The Learning Dojo

“We are now at a historical transition in which it is crucial that learning be placed in the context of action, as a way of being in the world, instead of being simply intellectually smart.”

leadership-dojo.jpg

I am in the midst of reading Richard Strozzi-Heckler’s excellent new book, “The Leadership Dojo”. In it he puts forth a compelling case for public education to expand its view of learning. Richard recounts studying Aikido in Japan and speaking with a fellow student from New Guinea who says,

“In my country we say that knowledge is only a rumor until it is in the muscle.”

Richard goes on,

“Leadership (and learning) is about taking skilful action, producing results and mobilizing others, not simply acquiring academic knowledge. We learn through our bodies, through recurrent practices, and learning means being able to take new actions. Leadership is a learnable skill.

Trained in the rationalistic tradition where we are predisposed to think of learning as something that happens in the mind; the idea that we learn through our bodies is startling at first. We can see the influence of rationalism in our formal education when we recall sitting at our desks, reading books, listening to lectures, and reviewing case studies and theories. The body was simply the delivery system that transported us to the classroom and then remained in the background as we absorbed information. This person, we would say, is smart, because he or she can prove what they say is true. While this is one interpretation of learning, there is another that has been widely neglected because of the authority of the rationalistic approach. There has been, for example, little recognition given to someone who could produce value through the way they manage mood, how they skillfully coordinate with others to achieve a desired goal, or their ability to ignite the passion and purpose of others.”

Later Richard points out,

“We are now at a historical transition in which it is crucial that learning be placed in the context of action, as a way of being in the world, instead of being simply intellectually smart.”

As we look at new models for educating our children, we would do well to expand our definition of learning from accumulating information, to being able to do something with that information; to be able to take new actions. Reform models that overlook this exciting and emerging definition of learning, may find themselves simply repackaging what they seek to transform.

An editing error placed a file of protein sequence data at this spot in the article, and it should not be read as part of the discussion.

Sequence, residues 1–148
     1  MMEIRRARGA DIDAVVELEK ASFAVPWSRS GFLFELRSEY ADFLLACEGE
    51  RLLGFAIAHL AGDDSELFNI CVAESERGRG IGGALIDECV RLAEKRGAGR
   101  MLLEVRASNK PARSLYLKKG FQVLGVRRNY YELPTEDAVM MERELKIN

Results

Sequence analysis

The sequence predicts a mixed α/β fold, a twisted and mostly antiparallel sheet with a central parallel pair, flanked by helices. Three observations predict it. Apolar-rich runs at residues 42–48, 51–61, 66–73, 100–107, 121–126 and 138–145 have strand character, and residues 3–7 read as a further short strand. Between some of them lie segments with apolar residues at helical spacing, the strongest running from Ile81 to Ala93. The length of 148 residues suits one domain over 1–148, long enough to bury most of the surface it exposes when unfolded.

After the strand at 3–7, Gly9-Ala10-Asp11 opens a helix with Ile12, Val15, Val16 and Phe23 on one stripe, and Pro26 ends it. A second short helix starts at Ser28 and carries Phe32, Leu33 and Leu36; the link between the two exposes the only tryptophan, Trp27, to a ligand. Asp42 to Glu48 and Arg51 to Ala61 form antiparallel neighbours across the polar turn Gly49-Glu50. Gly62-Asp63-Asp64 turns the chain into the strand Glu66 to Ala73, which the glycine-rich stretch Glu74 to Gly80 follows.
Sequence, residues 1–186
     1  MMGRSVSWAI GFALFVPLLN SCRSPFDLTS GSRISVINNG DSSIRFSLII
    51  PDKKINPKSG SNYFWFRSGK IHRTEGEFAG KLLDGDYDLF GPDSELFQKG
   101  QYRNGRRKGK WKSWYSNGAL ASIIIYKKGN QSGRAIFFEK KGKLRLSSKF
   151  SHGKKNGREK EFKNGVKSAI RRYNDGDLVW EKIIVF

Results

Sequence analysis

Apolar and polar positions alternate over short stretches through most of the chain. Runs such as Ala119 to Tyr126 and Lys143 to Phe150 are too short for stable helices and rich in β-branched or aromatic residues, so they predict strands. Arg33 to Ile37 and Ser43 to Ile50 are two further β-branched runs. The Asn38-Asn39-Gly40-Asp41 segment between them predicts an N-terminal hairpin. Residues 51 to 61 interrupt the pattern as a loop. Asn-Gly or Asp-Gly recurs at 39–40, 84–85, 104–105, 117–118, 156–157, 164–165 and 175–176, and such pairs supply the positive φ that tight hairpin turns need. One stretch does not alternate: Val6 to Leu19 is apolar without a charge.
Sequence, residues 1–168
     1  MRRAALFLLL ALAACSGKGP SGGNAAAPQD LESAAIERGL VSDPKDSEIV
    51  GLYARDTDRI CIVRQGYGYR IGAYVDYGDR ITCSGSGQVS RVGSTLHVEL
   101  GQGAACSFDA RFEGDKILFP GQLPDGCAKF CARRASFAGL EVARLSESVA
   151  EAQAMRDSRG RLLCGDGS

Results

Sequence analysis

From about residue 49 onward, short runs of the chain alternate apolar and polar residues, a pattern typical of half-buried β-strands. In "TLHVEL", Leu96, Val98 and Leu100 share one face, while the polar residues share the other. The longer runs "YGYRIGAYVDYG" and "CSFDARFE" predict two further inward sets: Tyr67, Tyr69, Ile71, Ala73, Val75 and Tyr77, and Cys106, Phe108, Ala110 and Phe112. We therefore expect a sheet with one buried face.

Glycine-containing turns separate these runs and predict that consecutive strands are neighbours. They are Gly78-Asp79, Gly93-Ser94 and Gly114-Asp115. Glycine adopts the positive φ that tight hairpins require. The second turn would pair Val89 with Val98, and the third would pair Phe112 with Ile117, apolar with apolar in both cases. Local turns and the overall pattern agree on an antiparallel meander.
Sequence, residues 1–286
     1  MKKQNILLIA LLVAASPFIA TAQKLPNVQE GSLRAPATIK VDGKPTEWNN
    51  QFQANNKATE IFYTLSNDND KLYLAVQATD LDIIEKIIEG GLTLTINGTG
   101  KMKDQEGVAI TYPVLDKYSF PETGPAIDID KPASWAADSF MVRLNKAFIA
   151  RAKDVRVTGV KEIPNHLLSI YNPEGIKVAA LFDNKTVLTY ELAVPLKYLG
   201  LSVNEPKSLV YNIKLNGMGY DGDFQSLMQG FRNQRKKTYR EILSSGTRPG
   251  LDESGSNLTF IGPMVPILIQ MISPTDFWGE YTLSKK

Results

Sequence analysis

pete

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3 thoughts on “The Learning Dojo

  1. Hey Peter:

    This phrase caught my attention and thoughts. I remember the TLI with your mentor many years ago…

    “there is another that has been widely neglected because of the authority of the rationalistic approach. There has been, for example, little recognition given to someone who could produce value through the way they manage mood, how they skillfully coordinate with others to achieve a desired goal, or their ability to ignite the passion and purpose of others.”

    Sounds a little like emotional intelligence, but what do I know. Certainly sounds like a school Principal.

    I wanted to share a name and address with you and everyone. His name is Don Mesibov and he is part of a Constructivist group here in NYS. Unfortunately I missed their last conference in Niagra Falls last summer. I have included his e-mail address, thus their newsletter. Constructivism seems to be a thread to some of your discussions and I wanted to put this out.

    Hope you and everyone associated with your blog is enjoying the sharing of ideas, so easily and quickly. I am reading Isaacson’s new biography on Einstein and it is amazing how long it took him to meet his greatest mentors and supporters in the realm of theoretical physics in the early 20th century. Look at us…

    dmesibov@twcny.rr.com.

  2. Lou,
    We are on the same wavelength about Don Mesibov. Check out a post from a few weeks ago…

    https://preilly.wordpress.com/2007/09/23/few-school-align-learning-theory-with-classroom-practice/

    Learning through the body is a discourse that has been around for millenia and got lost (at least in the West) in the rationalism of the Industrial Revolution. It is re-emerging now, and it has particular importance for k-12 education.

    I will be writing more about it in future posts.

    pete

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